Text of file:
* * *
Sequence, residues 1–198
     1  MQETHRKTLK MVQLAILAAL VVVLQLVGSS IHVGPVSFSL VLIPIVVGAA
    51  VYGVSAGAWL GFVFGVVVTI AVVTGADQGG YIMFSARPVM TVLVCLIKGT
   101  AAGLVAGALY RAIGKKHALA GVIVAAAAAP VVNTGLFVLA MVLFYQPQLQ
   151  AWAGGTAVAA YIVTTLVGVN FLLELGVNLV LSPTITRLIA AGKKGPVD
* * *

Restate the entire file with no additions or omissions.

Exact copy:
Sequence, residues 1–198
     1  MQETHRKTLK MVQLAILAAL VVVLQLVGSS IHVGPVSFSL VLIPIVVGAA
    51  VYGVSAGAWL GFVFGVVVTI AVVTGADQGG YIMFSARPVM TVLVCLIKGT
   101  AAGLVAGALY RAIGKKHALA GVIVAAAAAP VVNTGLFVLA MVLFYQPQLQ
   151  AWAGGTAVAA YIVTTLVGVN FLLELGVNLV LSPTITRLIA AGKKGPVD